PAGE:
The Head of the Saint, by Socorro Acioli (Delacorte Press, March 8, 2016, YA, translated by Daniel Hahn), is a Brazilian import I picked up at ALA Midwinter because it is about a boy, Samuel, who lives in the titular head--a head that was supposed to crown a giant statue of St. Anthony, which in turn was to bring economic zip to the small Brazilian town of Candeia. (I really like stories about kids on their own making homes for themselves in odd places like hollow concrete heads). The head had never made onto the giant body prepared for it. And gradually all the townsfolk are moving away from the surreal headless colossus that is Candeia's shame, or dying in their hoes with no-one left to care. Samuel's father had left his mother before he was born in another small town a ways away, and never made it back, and Samuel, fourteen years old and alone in the world after his mother's death, was barely able to make the long walk to Candeia, his father's hometown, with his grandmother's address his only hope of family. But instead of feeding and sheltering him, which he badly needs, she sends him up the hill to the concrete hollow head of Saint Anthony.
A badly infected wound from a dog bite guarantees that he'll have to stay in the head for a while, and fortune smiles on him when he meets a boy from town who's snuck up the hill with a small illicit stash of porn to enjoy in peace. Samuel promises not to tell Francisco's secret, and in return (not just because of being blackmailed) his new friend brings him supplies, food, and things scavenged from the many abandoned homes. So the head is a reasonably snug shelter...but it is full of prayers to Saint Anthony, which only Samuel can here. Francesco, with his local knowledge, is able to pin specific prayers to specific people, and the boys decide they can maybe make a bit of money and have some fun by making prayers come true. Their first venture, making a girl's dream of love happen, is so successful that the head becomes a place of pilgrimage, and through luck and common sense, and quite possibly divine intervention, more successful romances are made. Candeia beings to live again; the abandoned houses are in demand again, the church is refurbished, and there's a small economic boom.
But Samuel, still living in the head, is plagued by the pilgrims outside, and prayers inside, and the one voice in the head he wants to keep hearing, a girl singing sadly beautiful songs morning and evening, is being drowned out by the clamor. And the mayor of the town is not at all happy (he's a bad one). And there is a sad dark story behind the head, and the misfortune it brought to the town when it couldn't be put on the body. And there is the fact, too, that Samuel is still alone; his grandmother shows no interest in being family....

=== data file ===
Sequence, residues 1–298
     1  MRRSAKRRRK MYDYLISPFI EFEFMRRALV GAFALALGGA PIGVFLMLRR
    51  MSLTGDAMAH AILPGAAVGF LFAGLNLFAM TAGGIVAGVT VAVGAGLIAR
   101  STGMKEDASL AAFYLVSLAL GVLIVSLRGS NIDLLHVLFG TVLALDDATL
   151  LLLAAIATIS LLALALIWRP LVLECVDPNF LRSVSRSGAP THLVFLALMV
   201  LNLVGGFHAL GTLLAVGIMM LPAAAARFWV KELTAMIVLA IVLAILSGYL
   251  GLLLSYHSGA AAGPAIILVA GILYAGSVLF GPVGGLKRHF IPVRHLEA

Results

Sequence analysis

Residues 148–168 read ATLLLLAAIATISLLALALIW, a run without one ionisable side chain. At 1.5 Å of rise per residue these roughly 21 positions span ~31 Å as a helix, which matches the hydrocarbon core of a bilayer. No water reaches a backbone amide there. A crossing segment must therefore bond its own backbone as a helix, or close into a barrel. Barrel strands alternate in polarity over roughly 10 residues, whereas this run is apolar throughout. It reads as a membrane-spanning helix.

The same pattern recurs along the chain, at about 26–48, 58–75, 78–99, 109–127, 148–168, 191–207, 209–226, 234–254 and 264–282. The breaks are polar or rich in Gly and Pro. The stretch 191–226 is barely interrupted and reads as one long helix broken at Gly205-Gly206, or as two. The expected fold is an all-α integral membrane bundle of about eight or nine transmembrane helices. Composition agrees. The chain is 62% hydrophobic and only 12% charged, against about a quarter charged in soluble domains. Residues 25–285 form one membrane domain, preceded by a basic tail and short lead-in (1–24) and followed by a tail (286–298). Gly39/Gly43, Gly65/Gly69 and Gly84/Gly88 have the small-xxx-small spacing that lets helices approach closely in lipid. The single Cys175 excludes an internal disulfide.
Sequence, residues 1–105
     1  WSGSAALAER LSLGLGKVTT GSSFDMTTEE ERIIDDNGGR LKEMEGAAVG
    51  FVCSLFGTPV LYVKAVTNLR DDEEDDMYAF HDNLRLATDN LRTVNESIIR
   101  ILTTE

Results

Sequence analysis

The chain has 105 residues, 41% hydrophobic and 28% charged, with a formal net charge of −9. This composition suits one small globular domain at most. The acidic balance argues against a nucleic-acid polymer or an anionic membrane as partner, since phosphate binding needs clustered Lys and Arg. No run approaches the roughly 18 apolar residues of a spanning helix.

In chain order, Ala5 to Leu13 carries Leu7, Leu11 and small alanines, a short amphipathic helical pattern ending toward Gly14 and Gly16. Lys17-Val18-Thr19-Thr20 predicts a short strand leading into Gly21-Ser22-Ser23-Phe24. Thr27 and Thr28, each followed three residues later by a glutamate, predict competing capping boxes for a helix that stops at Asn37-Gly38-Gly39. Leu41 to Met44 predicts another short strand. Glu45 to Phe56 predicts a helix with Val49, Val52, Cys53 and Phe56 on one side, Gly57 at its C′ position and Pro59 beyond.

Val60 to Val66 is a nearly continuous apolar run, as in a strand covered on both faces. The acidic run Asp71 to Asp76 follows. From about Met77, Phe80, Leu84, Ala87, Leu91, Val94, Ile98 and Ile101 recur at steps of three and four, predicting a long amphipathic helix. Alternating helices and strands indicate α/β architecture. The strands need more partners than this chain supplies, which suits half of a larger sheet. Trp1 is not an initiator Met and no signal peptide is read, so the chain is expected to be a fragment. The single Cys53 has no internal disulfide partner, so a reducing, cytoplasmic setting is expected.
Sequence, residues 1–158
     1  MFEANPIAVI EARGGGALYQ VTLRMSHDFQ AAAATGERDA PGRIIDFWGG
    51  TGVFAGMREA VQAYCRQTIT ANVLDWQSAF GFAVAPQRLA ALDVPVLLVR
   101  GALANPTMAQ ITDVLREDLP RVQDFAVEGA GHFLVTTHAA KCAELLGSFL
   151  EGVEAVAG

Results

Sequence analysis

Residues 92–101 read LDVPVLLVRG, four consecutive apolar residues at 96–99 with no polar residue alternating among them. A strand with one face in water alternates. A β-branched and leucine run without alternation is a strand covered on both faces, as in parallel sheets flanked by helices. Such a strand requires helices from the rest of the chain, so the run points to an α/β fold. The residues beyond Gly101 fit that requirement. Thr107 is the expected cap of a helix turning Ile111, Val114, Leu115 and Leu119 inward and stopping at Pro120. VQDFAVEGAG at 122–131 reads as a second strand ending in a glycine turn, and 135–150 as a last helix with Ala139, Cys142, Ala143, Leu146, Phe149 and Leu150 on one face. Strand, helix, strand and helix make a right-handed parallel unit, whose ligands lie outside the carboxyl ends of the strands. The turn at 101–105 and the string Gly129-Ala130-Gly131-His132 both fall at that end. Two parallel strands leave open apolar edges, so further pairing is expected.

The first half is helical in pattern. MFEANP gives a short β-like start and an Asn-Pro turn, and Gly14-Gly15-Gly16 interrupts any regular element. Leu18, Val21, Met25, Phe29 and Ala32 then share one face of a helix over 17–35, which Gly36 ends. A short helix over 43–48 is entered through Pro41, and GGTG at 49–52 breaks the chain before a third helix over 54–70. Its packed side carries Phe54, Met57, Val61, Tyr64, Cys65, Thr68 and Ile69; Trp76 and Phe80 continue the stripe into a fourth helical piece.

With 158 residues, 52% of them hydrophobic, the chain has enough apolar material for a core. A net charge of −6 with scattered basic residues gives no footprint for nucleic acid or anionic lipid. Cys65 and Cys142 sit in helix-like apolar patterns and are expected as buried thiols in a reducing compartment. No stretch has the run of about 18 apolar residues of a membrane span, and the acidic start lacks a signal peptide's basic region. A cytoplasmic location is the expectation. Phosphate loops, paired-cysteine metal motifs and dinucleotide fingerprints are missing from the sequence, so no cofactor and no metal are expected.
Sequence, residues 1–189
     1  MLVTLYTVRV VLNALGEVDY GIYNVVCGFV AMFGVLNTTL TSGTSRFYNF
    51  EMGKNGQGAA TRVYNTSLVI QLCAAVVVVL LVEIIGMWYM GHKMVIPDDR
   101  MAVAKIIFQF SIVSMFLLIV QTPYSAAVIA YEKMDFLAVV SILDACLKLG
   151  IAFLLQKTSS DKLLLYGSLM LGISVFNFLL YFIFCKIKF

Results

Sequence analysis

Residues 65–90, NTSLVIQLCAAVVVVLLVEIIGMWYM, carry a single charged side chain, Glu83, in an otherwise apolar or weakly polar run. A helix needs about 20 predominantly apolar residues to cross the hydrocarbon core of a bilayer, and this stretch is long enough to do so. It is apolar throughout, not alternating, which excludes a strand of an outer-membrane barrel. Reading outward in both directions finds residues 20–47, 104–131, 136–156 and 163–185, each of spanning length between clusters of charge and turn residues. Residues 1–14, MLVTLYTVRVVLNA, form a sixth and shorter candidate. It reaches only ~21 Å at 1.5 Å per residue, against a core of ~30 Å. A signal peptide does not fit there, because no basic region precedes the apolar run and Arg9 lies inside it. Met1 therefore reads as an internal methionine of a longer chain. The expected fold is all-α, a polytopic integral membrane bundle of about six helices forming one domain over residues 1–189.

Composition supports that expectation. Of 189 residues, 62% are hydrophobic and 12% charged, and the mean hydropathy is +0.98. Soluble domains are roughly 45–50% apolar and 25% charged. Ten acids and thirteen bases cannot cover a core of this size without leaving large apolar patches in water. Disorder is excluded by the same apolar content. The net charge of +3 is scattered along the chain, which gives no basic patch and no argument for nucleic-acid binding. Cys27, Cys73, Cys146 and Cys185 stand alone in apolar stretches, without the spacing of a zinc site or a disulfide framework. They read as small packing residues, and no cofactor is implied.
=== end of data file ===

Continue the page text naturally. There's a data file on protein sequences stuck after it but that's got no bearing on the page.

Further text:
But Saint Anthony, though he'd doing a great job with romance, is primarily the patron saint of lost things and people; and happily (because my maternal heart was so sad for Samuel), the lost are found and the book ends with hope.
It's a lovely moving rewarding book, and I recommend it very highly! It is fantasy, because there are magical elements besides the voices in the saint's head (like someone being dead, but still getting around and doing things), but the point isn't the fantasy, but more the interconnectedness of people. Quite possibly I found it very moving because Samuel is about the age of my own boys, making it natural for me to feel all sorts of maternal feels for him. But also I found it moving because it is such a clearly depicted set of people, many of them good people, several not so much, living their somewhat precarious lives as best they can. I also liked it very much because it is such a clear, interesting portrayal of a place I'm not familiar with. And I did like the little house inside the head, just as I thought I would.
In short, it was a read in a single sitting book(it's only 192 pages) that has left me with vivid memories. And lest I have made it sound too sad, I shall mention that it is also quite funny in places. And finally, if I were a high school English teacher, I'd seriously consider using this one--there is lots to think about, and lots to enjoy.